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"Word is born" we shouted to each other as the brick crashed into the television. Shattered glass littered the floor underneath the broken screen. We smiled, and it grinned back in jagged glass. We giggled fervently at the outrageousness of it, our eyes shining from the beauty of the shards glistening on tough industry carpet, the music of their clinking together during freefall. The store manager leapt over the counter, rage shooting out of his eyes like the hair bristling out of his chin. I hurriedly retrieved the brick, for memory's sake. "This is for all the old bastards riding the world!" we yelled. The chase erupted through the concise window displays of the store's front and into the main circuitry of the mall. We ran, little efreets passing clothing stores, leather vendors, dealers in battery operated barking toy dogs. One of us, fire glowing from his heels, nearly missed a sluggish shopper, spreading their accumulation of bags over the floor. "My man here was born to be an ill style rocker!" I shot back. Mall security began to appear near the coffee shops. I was worried that, although I had not thrown the brick, they might know that it was me who hid the offending object inside his coat in order to sneak it into the mall, and again to sneak it out. I stopped running and stood near the necklace vendor. I felt my hand run through my hair in an effort to decide which direction to look, my tail lashing agitation. I stuck my hand in my coat, casually. The brick breathed heavily and licked my palm. Stay cool chum. Some other teenagers stealing necklaces stopped what they were doing to watch me. “Hey buddy whats your name?” they asked me.
“Jibberjab” I said.
“We take it you’re rebelling?”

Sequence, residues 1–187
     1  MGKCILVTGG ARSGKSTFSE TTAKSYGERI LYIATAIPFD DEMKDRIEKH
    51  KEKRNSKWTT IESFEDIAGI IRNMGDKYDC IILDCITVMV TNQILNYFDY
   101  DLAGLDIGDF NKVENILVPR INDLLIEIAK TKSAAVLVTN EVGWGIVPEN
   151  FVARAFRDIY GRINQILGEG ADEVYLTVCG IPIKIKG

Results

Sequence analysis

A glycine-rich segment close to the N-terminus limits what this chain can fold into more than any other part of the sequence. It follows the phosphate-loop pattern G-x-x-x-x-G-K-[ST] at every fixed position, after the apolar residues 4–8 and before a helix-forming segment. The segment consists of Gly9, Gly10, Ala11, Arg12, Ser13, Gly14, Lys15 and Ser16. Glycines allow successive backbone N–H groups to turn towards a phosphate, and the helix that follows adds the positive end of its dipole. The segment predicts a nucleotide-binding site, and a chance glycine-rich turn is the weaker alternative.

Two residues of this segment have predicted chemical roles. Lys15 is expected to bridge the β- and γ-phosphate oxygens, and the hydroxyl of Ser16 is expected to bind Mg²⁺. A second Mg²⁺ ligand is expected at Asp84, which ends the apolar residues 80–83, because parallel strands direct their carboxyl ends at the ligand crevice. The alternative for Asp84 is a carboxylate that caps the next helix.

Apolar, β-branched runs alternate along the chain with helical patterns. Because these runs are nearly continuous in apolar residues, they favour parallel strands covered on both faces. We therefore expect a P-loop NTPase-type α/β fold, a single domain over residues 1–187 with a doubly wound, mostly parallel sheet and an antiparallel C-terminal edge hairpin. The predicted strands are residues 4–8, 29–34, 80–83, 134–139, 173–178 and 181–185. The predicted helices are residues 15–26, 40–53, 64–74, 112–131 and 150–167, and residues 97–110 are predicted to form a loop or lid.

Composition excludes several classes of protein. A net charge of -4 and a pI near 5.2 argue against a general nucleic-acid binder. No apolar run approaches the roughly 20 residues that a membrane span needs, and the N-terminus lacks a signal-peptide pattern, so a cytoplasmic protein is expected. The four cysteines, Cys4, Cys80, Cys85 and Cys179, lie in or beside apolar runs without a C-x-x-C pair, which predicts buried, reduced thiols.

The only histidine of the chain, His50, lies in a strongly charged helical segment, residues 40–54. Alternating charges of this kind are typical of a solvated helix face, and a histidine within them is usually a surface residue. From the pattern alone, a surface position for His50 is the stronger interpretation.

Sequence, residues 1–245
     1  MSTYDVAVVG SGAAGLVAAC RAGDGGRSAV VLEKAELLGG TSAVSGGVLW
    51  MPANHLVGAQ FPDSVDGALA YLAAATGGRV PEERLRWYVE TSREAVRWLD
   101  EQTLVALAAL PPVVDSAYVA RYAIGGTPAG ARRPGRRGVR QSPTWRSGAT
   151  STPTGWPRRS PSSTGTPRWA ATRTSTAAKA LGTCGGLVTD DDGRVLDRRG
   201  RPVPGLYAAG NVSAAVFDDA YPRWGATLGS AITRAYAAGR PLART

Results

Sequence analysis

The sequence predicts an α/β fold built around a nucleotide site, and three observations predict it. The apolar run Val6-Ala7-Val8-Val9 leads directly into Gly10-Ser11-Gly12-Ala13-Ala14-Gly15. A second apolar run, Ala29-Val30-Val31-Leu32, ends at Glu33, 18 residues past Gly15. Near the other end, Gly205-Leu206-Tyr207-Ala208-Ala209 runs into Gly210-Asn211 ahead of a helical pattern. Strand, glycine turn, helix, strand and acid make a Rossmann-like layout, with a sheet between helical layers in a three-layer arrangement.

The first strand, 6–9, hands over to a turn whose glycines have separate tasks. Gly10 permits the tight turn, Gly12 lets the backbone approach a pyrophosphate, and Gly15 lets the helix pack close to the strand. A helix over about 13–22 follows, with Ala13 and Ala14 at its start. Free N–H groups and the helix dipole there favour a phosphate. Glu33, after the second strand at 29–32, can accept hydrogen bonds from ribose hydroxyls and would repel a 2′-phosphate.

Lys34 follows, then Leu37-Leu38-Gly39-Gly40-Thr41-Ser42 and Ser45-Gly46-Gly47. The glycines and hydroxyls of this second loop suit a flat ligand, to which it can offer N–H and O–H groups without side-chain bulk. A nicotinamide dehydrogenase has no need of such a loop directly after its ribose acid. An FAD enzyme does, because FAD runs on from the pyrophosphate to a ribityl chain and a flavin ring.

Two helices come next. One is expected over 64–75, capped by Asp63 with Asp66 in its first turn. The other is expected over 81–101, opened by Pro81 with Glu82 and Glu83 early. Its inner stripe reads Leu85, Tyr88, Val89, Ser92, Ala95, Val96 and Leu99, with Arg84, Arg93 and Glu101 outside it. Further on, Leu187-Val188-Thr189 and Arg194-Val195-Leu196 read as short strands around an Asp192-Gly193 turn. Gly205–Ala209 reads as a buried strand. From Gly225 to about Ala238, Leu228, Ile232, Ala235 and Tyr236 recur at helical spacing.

“Damn straight”
“Who’s that one over there with the wings?”
“We call that boy Flutterpuff, on account of his being a sissy”
“You guys are just kid-demons, you can’ even fly right yet”
“Yeah, well so’s your old man.”
“What about that one with fire all over his feets?”
“That’s tapdance.
“He a flamer or something?” one joked.
“Ah, quit razzin me kid.” They began to edge away as the shopkeeper approached, snapping his shirt collar in preparation.

“Son, you know we don’t let djinns in here now,” he began “and for this exact reason.”
“Sir, I didn’t do” I started, but he interrupted me.
“Look, why don’t you start by telling me the names of all your friends and then we can get this thingy straightened out.”
“Alrighty well we got Pothole, Flutterpuff, Tapdance, Pughat, Eyesore”-
“Your crazy magic names don’t make no sense to me boy. I saw on the camera that the one what done throwed the brick had big shiny eyes and a blue skin.” I remember trying to avert my eyes from the glare of his balding head.
“Ya that’s Pughat like I was saying.”
“Okay now this Pughat boy’s gonna have to do some time.”
“Oh but he’s crazy sir you saw what he did with the TV”
“Yeah I saw he done thrown a brick at it like a crazy 'freet. He’s gonna need punished. Now, I can tell you’re a good boy son, more normal than the rest;­ why don’t you start by telling me where you all hang out.”


Later, my father would ask me what I was rebelling against. “I rebelled too, but there was something to be done then. The sixties are over.” I flicked him off and gave him a cold stare. “Son, violence and vandalism are never going to be the way to deal with your problems.” I turned around and walked to my room. He pursued me to stand behind my closed door so he could speak without having to make or avoid eye contact. “Look, the adoption papers went through the other day. So, you’re a full citizen now. I’ll tell that to the judge and he’ll go easier on you.”